Rethinking Grass by Emma Williams


Rethinking Grass by Emma Williams

To report back on the June session of Foragers 2, I want to weave together three ideas:

  • In the spring I took an online class about plastic pollution through Bennington College. It’s a good class, and anyone can sign up for it.*It can be depressing and overwhelming to confront the magnitude of the plastics crisis, so I came to our June session with a heavy heart.
  • Despite being a grown women who owns a house with a lawn, I have never mowed a lawn. It’s my husband’s chore, and I resent how much time it takes. Meanwhile, I have seen various articles about the environmental toll of lawns, how some corporations are shifting away from expansive lawns, and how contentious lawn alternatives can be in suburban neighborhoods. I have read articles like this one describing how to replace a lawn with other plants.** I had come to see grass as an enemy.
  • A thread that runs through Joanna Macy’s marvelous book Active Hope is that the climate crisis could, if we allow it, help us find ways of living that are preferable to some of the ways we live now. This may involve finding our way back to earlier ways of being, making and doing. During our June session, Lacey said something like, “Or homes are so toxic now because we try to make them so permanent.” She was referring to the building materials, paints, furnishings, etc., and of course this brings us back to plastics. In the plastics class, the lecturers kept reminding us that while it’s daunting to think about eliminating a substance that has become so ubiquitous, most of human history unfolded without the use for plastics.

Something I like about the foragers group is that it always leaves me with lots to think, but it’s also very action oriented. During our June session at Foxhaven, we:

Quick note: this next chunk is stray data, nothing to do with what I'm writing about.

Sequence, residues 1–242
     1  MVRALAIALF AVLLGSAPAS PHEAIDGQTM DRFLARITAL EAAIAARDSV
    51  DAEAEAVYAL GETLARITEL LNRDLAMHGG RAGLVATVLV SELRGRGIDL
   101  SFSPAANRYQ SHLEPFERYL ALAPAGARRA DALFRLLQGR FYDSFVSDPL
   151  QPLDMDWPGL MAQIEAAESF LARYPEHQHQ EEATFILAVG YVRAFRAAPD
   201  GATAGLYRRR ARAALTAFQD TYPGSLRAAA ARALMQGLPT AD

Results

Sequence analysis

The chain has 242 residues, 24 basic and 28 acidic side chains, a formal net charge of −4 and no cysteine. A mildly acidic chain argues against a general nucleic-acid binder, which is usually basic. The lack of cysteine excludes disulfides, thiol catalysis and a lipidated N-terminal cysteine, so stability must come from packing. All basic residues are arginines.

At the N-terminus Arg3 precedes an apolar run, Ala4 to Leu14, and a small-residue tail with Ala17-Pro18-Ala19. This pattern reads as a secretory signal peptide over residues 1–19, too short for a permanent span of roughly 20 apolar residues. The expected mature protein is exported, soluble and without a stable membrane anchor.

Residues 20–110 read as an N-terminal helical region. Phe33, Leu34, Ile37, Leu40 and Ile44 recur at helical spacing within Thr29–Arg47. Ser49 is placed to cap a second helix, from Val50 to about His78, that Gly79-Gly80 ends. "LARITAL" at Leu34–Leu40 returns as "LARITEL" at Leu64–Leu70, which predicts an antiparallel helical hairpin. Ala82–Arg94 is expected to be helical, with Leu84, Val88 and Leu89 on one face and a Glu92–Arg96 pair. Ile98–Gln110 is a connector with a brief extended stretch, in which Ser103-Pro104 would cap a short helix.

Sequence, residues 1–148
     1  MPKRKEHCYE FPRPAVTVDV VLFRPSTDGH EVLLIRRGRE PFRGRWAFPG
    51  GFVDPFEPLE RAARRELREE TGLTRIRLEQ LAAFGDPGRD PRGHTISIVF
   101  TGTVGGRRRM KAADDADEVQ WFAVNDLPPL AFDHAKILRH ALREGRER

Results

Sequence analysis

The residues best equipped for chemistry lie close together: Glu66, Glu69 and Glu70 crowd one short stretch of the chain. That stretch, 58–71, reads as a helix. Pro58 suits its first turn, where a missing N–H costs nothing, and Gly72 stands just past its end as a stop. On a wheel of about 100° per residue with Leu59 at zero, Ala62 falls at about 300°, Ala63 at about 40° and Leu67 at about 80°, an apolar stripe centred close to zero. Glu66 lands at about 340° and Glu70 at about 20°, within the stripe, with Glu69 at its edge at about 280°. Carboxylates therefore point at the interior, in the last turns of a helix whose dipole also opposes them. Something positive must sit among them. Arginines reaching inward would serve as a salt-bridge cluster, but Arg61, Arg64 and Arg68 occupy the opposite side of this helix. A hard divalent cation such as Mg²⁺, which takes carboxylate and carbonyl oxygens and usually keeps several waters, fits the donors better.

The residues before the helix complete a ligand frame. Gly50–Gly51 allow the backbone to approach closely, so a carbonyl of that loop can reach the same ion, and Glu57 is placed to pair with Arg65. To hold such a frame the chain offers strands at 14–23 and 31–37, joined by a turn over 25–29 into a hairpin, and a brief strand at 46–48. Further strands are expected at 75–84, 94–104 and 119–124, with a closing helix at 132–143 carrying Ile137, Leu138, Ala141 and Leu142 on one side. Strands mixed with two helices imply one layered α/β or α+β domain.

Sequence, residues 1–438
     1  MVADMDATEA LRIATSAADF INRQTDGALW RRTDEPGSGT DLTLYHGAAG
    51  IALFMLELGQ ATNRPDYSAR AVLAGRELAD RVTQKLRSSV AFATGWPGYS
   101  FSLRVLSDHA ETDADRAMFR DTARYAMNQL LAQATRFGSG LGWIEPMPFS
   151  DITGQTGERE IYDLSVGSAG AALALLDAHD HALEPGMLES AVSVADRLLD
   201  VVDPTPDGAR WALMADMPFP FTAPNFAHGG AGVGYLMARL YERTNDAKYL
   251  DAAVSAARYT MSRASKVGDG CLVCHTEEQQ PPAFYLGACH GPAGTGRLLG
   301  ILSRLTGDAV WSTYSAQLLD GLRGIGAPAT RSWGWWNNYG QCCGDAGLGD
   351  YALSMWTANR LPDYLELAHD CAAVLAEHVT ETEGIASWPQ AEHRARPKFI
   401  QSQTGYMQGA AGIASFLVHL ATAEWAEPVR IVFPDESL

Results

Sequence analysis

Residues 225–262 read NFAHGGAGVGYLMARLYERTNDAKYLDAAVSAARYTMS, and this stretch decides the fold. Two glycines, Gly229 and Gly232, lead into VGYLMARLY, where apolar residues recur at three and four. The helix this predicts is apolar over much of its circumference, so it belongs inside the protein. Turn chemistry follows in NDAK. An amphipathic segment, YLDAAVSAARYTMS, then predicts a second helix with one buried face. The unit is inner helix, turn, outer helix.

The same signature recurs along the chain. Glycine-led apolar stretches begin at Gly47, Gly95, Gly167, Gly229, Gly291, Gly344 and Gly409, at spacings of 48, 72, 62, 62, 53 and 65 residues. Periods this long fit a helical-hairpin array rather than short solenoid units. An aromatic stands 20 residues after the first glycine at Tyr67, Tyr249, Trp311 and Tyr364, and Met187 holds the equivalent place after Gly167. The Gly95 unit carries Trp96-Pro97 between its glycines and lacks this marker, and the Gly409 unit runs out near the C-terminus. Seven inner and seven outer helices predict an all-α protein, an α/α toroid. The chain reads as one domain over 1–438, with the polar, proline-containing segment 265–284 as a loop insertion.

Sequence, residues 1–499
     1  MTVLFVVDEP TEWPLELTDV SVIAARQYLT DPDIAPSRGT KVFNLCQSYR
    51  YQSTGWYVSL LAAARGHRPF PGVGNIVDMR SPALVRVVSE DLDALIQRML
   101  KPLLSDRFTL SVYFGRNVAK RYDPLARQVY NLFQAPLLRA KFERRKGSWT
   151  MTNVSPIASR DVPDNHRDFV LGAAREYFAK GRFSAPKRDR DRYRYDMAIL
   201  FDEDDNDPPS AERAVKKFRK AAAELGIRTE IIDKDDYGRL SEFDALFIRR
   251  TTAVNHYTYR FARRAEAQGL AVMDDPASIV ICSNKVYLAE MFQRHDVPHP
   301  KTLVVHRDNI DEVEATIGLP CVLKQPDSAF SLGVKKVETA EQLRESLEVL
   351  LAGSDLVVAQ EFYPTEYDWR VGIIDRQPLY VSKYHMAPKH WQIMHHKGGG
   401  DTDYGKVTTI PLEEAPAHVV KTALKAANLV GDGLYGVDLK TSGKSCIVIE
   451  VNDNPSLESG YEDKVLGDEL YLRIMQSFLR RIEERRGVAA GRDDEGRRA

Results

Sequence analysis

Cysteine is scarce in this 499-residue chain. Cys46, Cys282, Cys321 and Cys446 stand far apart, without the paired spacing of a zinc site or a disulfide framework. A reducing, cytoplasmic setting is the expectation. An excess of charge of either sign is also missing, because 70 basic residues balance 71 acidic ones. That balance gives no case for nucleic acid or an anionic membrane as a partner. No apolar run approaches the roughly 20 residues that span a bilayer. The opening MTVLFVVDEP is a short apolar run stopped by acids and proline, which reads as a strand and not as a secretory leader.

• Tended an area near the stream called the foragers patch. We pulled out a nonnative invasive species and are replanting it with a similar native species; this is more effective than just removing the unwanted species.
  • Built a small check dam to slow the flow of rainwater and prevent erosion of the banks.

  • Learned about grasses. I was reminded that grasslands cover roughly half of the Earth’s surface.*** Here’s a picture of Taylor discussing grass while standing in a field of grass, wearing a hat woven from grass:

We talked about the varieties of grass, then learned a simple weaving technique using grasses from the farm. Silence fell over the group as we settled into weaving, and everyone seemed engrossed in their work. I realized that I had conflated grasses with lawn. Lawns can be a problem when fertilizers and extra watering are used to grow a monoculture of a nonnative species which then requires further use of fossil fuels to be mowed to a socially acceptable height. But there’s nothing inherently wrong with grasses. Grasses are a natural resource. They can be woven into vessels that are permanent enough and don’t poison us during the extraction, building and disposal phases.

I was also reminded of the power of handiwork to calm the mind and soothe the spirit.****


Nonetheless, I remain annoyed by how much time and other resources it takes to mow our lawn and am look forward to August, when we will learn about growing food forests.


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